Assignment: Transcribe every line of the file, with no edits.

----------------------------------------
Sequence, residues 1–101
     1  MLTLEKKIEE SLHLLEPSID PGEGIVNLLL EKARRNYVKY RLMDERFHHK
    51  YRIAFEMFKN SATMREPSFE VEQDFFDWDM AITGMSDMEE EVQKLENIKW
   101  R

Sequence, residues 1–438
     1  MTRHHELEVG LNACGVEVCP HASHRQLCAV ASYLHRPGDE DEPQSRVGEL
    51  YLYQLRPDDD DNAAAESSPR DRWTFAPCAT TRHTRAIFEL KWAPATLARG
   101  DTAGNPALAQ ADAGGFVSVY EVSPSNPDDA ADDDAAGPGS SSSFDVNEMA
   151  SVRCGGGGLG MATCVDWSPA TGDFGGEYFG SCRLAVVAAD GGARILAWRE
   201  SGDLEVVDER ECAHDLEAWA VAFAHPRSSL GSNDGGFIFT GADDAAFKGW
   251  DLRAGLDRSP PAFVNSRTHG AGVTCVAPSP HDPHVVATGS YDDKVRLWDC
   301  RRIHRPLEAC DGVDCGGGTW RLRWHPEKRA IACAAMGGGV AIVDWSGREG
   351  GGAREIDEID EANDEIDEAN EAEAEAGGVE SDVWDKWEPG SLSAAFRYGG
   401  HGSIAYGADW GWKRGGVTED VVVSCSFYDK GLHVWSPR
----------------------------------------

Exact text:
Sequence, residues 1–101
     1  MLTLEKKIEE SLHLLEPSID PGEGIVNLLL EKARRNYVKY RLMDERFHHK
    51  YRIAFEMFKN SATMREPSFE VEQDFFDWDM AITGMSDMEE EVQKLENIKW
   101  R

Sequence, residues 1–438
     1  MTRHHELEVG LNACGVEVCP HASHRQLCAV ASYLHRPGDE DEPQSRVGEL
    51  YLYQLRPDDD DNAAAESSPR DRWTFAPCAT TRHTRAIFEL KWAPATLARG
   101  DTAGNPALAQ ADAGGFVSVY EVSPSNPDDA ADDDAAGPGS SSSFDVNEMA
   151  SVRCGGGGLG MATCVDWSPA TGDFGGEYFG SCRLAVVAAD GGARILAWRE
   201  SGDLEVVDER ECAHDLEAWA VAFAHPRSSL GSNDGGFIFT GADDAAFKGW
   251  DLRAGLDRSP PAFVNSRTHG AGVTCVAPSP HDPHVVATGS YDDKVRLWDC
   301  RRIHRPLEAC DGVDCGGGTW RLRWHPEKRA IACAAMGGGV AIVDWSGREG
   351  GGAREIDEID EANDEIDEAN EAEAEAGGVE SDVWDKWEPG SLSAAFRYGG
   401  HGSIAYGADW GWKRGGVTED VVVSCSFYDK GLHVWSPR